As ecommerce grows, so do return rates: About one in three online purchases is returned. For online apparel purchases, the rate is closer to 40 percent. That has triggered the growth of the returns-management software marketplace, offering retailers solutions aimed at making the processing and dispensation of returned goods faster and more efficient.
That’s important. The more quickly and efficiently a return is processed, the better the outcome: The consumer gets his or her refund faster. The retailer minimizes reverse-logistics costs. And the company offering the product recoups the maximum recovery value.
Retailers should absolutely be taking steps to make returns-processing more efficient for everyone, including the setting up of effective omnichannel returns processes.
But there is a significant lost opportunity just making product returns more efficient, and it’s this: Returns represent an untapped opportunity to build customer relationships with high lifetime value.
It may seem counter-intuitive to look at a product return -- an inherently negative experience that reflects customer disappointment -- with building strong customer relationships. But the opportunity to gain information about that customer and the reason behind the return is a valuable and underused resource.
Retailers that embrace the opportunity to leverage such returns data stand to gain priceless insights about their products and their customers that will help them prevent future returns from happening in the first place.
When retailers collect better data about products being returned and then apply advanced analytics to that data, they learn a lot about their customers and their expectations about products. Advanced analytics has become essential to success in retail. According to Gartner, “Retailers will not be able to compete in the digitalized marketplace without advanced analytic capabilities.”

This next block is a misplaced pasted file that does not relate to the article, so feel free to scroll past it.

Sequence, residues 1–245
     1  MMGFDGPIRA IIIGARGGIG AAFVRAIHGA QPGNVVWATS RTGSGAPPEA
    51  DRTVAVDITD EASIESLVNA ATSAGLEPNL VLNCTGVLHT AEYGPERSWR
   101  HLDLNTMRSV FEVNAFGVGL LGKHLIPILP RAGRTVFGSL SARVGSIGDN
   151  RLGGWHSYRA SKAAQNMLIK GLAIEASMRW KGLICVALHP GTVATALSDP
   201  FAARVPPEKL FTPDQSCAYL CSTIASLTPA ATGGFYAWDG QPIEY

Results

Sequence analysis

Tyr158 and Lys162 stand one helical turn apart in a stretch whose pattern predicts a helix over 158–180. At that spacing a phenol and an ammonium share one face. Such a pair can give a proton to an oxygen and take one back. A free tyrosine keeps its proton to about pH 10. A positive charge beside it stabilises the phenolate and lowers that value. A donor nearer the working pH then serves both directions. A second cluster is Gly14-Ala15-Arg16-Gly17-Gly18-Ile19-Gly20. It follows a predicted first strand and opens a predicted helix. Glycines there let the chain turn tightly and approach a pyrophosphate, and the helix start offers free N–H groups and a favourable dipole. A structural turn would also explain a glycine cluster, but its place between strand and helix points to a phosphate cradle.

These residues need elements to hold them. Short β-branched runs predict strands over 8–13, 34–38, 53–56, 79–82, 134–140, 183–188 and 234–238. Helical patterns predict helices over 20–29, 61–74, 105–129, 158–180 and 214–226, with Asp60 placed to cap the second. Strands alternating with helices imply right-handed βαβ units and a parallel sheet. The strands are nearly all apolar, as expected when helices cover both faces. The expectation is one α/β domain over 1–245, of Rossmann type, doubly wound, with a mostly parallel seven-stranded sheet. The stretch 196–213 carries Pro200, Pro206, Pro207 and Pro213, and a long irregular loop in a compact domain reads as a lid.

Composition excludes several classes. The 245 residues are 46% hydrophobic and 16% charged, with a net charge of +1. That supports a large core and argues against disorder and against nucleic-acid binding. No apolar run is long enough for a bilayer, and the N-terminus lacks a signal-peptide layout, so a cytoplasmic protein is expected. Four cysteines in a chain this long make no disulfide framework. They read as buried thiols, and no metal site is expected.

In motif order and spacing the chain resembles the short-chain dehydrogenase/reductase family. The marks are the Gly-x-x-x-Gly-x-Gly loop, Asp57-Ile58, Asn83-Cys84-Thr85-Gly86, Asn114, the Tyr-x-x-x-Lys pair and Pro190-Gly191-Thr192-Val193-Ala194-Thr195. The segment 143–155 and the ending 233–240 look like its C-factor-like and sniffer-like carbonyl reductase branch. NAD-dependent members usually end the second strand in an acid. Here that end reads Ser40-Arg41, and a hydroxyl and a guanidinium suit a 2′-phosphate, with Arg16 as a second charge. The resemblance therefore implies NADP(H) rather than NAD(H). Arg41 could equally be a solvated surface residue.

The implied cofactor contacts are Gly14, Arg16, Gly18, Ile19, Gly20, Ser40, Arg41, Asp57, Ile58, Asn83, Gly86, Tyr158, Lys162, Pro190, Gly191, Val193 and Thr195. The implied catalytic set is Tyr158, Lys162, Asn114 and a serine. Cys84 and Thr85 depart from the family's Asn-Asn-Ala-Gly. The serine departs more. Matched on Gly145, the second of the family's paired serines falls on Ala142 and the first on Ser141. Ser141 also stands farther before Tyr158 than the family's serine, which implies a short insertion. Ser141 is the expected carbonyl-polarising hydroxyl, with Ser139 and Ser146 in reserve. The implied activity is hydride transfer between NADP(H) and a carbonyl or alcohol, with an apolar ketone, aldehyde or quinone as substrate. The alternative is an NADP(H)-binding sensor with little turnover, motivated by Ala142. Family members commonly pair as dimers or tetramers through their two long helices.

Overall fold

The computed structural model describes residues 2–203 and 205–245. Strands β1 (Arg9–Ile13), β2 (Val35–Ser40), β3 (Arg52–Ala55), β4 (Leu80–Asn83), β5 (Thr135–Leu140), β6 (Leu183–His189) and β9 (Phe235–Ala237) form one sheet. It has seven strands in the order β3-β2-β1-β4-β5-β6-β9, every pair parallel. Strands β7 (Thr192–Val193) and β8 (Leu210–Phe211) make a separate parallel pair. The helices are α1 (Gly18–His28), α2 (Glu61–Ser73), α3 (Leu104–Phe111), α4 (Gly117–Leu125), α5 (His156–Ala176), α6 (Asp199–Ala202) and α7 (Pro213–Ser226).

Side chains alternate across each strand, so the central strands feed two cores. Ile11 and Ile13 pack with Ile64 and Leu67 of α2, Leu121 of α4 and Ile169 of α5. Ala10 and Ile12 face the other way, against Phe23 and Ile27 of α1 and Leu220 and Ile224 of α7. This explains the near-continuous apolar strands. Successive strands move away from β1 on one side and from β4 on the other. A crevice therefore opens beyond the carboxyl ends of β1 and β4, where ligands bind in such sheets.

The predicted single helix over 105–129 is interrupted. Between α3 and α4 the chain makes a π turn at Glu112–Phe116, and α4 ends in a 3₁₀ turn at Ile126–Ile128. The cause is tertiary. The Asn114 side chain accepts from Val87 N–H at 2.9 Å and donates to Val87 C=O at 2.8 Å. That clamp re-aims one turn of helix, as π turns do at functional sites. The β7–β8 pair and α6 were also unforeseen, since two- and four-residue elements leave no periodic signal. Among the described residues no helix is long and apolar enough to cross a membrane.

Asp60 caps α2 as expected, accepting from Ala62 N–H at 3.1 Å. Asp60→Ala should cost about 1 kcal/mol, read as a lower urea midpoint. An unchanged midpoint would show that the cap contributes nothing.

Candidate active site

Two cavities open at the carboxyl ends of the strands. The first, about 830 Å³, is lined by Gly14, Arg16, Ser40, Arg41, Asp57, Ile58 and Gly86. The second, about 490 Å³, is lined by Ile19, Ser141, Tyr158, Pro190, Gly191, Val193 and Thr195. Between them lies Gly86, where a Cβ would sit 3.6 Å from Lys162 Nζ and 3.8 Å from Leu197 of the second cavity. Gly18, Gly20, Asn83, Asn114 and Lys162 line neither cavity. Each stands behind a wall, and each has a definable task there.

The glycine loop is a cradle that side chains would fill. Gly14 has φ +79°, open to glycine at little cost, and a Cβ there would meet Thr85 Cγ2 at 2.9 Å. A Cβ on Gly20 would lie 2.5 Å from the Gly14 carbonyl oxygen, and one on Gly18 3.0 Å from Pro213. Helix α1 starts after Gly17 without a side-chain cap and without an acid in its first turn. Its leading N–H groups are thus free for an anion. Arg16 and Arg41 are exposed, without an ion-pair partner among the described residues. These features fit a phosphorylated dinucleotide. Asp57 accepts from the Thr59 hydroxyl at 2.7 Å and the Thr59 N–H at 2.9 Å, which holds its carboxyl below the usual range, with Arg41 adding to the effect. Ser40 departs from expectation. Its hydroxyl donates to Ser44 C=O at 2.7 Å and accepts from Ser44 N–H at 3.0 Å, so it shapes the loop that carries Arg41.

Beneficial scenarios that the use of analytics offers
1. A customer who is asked to comment in his or her own words about a product return sees that the retailer values that opinion and wants to improve. That heightened interest enhances the integrity of the brand.
2. When customers identify issues that can be resolved quickly, such as the replacement of defective batteries in a lot of smartwatches or the addition of dimensions to a product description, the retailer can act fast to prevent subsequent returns.
3. Gaining long-term insights, such as information about a fabric that pills too much, or poor sizing, can help a company shape next season’s product design and merchandising.
4. Segmenting customers and comparing their behaviors to returns data helps retailers identify high-value customers who will spend far more than they return. Retailers can choose to market differently to this group, including offering more liberal returns rules.
Most importantly, over time, returns data feeds a cycle of continuous improvement: The retailer’s understanding of its customers and their product preferences drives better buying, product design, merchandising, marketing and logistics processes.
The entire business gets better and better at meeting the customer’s needs and increases the company's ability to delight the customer the first time around. Customer satisfaction goes up, and return rates go down. When retailers analyze and act on returns data, everybody wins.